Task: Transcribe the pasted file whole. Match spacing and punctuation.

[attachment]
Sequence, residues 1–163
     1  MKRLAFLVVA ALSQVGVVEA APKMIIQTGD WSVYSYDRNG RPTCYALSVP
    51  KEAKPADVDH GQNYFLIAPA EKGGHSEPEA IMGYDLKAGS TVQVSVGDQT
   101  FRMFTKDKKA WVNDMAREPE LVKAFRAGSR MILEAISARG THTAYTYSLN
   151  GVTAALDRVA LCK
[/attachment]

Sequence, residues 1–163
     1  MKRLAFLVVA ALSQVGVVEA APKMIIQTGD WSVYSYDRNG RPTCYALSVP
    51  KEAKPADVDH GQNYFLIAPA EKGGHSEPEA IMGYDLKAGS TVQVSVGDQT
   101  FRMFTKDKKA WVNDMAREPE LVKAFRAGSR MILEAISARG THTAYTYSLN
   151  GVTAALDRVA LCK